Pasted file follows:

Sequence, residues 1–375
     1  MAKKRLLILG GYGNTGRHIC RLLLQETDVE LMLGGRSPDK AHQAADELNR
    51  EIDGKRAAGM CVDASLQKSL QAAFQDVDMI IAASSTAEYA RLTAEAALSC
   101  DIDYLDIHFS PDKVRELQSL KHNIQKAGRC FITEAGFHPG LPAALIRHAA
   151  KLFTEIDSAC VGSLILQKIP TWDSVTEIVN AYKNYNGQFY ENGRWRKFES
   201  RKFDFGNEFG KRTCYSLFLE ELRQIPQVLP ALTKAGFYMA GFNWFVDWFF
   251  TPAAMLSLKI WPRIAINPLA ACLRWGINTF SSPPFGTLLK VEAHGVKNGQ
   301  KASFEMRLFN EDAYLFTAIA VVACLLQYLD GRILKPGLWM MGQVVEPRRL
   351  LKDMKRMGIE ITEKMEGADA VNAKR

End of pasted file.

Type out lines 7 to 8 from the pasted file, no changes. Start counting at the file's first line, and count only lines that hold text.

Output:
   251  TPAAMLSLKI WPRIAINPLA ACLRWGINTF SSPPFGTLLK VEAHGVKNGQ
   301  KASFEMRLFN EDAYLFTAIA VVACLLQYLD GRILKPGLWM MGQVVEPRRL